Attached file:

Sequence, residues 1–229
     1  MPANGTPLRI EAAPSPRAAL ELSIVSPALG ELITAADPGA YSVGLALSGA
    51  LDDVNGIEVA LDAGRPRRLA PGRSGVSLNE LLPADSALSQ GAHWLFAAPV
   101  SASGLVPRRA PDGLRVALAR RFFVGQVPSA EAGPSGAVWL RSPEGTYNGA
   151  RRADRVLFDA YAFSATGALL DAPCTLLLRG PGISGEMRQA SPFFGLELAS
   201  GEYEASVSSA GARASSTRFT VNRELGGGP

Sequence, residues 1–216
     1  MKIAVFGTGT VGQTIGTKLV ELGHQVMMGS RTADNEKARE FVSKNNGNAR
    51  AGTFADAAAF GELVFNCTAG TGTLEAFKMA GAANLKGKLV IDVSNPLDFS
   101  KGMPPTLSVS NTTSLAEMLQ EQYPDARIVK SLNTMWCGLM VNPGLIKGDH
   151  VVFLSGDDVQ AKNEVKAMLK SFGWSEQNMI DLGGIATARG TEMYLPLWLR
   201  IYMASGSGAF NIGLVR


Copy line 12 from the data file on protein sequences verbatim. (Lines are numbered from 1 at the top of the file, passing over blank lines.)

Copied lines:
   201  IYMASGSGAF NIGLVR